BUFFALO -- Michael Anderson has sports in his blood.
The 19-year-old defenseman, who helped the University of Minnesota Duluth win its second straight NCAA championship with a 3-0 victory against the University of Massachusetts at KeyBank Center on Saturday, grew up surrounded by athletes.
His grandfather Tom, father Gerry, older sister Sami and older brother Joey Anderson -- a right wing with the New Jersey Devils -- all played or play hockey. His mother, Dana, is a former professional racquetball player and was the 1990 U.S. Racquetball Association national under-24 women's singles champion.
"It was a lot of fun, said Mikey, who was selected by the Los Angeles Kings in the fourth round (No. 103) of the 2017 NHL Draft. "My mom might be the most athletic out of all of us. She didn't work growing up, so we spent a lot of time with her, whether it was going to the rink and skating or going to a gym and playing racquetball with her, hitting balls around. We were always moving. A lot of credit goes to her and the sacrifice that she made to just let us interact with sports and just be able to be active."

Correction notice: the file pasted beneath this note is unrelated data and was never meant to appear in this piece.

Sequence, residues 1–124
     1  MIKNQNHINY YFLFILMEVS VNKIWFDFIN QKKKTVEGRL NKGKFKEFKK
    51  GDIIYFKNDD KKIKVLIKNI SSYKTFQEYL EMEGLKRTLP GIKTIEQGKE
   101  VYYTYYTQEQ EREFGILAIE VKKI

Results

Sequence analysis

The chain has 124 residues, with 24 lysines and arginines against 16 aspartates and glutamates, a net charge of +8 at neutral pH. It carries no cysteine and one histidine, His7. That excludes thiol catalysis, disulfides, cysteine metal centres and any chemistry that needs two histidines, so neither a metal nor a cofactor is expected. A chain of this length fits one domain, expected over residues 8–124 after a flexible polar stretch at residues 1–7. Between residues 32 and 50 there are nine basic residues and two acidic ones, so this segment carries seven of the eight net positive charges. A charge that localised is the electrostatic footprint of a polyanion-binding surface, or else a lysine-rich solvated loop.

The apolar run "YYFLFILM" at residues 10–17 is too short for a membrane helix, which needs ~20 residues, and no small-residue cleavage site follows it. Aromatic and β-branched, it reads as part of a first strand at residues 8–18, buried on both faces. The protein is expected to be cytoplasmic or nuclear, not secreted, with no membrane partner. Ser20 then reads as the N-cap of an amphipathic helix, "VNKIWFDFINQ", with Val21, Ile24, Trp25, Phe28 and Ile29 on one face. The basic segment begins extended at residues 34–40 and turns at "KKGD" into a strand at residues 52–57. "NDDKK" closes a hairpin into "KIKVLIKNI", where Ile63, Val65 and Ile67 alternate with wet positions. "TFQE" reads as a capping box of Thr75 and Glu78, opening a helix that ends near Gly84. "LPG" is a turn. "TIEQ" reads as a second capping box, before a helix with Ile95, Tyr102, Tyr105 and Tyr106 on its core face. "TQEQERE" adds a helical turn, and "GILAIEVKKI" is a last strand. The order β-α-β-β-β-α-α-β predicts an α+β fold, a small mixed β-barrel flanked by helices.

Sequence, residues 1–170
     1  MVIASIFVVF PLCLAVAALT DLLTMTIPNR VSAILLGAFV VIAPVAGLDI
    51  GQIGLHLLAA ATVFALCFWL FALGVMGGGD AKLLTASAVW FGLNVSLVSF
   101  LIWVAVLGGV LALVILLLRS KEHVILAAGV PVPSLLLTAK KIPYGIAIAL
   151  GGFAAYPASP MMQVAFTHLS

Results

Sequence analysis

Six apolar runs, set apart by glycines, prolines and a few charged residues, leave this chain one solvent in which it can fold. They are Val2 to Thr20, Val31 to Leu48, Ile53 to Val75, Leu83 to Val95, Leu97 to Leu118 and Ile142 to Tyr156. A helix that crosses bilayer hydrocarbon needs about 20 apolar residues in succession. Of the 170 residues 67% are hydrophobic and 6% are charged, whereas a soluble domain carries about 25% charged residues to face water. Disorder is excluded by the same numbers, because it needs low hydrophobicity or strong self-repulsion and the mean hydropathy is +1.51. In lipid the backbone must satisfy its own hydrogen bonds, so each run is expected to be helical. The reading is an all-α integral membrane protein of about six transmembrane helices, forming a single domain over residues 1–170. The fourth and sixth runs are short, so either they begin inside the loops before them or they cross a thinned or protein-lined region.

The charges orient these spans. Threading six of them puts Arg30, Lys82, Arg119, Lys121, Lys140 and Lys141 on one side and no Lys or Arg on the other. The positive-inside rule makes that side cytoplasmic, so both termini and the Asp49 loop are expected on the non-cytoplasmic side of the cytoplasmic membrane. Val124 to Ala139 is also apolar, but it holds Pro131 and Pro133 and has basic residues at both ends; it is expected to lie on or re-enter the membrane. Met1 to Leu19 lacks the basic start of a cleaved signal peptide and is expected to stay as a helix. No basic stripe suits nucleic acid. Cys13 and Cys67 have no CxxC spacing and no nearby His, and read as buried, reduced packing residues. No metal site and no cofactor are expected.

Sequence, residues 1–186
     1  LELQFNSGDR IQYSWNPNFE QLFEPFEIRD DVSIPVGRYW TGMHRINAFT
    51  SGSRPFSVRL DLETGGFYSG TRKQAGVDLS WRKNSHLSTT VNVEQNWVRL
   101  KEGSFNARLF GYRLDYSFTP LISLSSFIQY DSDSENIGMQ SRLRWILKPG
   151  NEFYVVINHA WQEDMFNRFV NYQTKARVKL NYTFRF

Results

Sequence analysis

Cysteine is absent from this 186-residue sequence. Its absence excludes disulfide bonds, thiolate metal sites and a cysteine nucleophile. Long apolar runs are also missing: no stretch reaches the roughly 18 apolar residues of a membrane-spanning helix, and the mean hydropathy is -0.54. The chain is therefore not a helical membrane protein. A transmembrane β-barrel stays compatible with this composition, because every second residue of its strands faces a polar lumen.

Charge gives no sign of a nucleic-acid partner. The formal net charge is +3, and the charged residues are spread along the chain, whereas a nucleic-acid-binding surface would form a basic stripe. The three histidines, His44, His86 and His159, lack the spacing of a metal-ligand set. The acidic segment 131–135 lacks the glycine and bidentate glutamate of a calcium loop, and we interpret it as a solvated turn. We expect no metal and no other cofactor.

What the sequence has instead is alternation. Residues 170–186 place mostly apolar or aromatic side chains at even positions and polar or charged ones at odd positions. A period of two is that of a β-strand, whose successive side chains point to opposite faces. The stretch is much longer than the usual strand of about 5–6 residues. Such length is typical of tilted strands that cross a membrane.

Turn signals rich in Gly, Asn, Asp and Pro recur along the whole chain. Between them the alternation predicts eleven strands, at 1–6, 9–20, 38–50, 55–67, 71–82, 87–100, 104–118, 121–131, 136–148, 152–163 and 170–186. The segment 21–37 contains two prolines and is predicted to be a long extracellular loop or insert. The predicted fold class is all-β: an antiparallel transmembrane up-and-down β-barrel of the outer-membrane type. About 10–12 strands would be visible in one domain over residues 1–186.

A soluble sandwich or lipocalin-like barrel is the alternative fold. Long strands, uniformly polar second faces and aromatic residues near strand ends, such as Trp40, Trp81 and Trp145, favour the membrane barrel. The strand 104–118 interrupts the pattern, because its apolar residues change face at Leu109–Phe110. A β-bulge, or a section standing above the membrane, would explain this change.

Anderson had three points (one goal, two assists) in the national championship game, capping a season when he had 27 points (six goals, 21 assists) in 40 regular-season games and was named to the all-tournament team.
This after getting 23 points (five goals, 18 assists) in 39 games as a freshman in 2017-18.
"He's one of our best defensemen, if not the best," junior defenseman and alternate captain Nick Wolff said. "He's such a great team guy, on and off the ice. This past year, on the ice, I think he just took the biggest step from last year to this year and from the beginning of the season to the end of the season. He's one of the biggest role models on this team, I think, on the ice and off the ice, and we couldn't be here without him."
Much of that stems from the days Anderson spent with his siblings out on the backyard rink his father built in their Twin Cities home. And each time they laced up their skates, it was by choice.
"My dad was my coach pretty much every year growing up [but] he never forced us to play hockey as kids," he said. "We were the ones that fell in love with the game. He never forced us to do anything extra, everything extra we wanted to do ourselves just to get better. A lot of our credit goes to him for just providing all the opportunities and the sacrifices he made for us to have success."
That success has helped Anderson becoming one of the Kings' top prospects while his brother played 34 games with the Devils in his first year as a professional.
"He has a purpose every time he comes to the rink," Minnesota Duluth coach Scott Sandelin said. "He wants to become a better player. He trains. He works on his game. He does all the things that you want every player to do on a regular basis.
"He enjoys coming to the rink. He enjoys playing the game. He enjoys working on his game to get better. I can't say enough. He's had an unbelievable year. He has got a great future ahead of him. Hopefully it's not soon."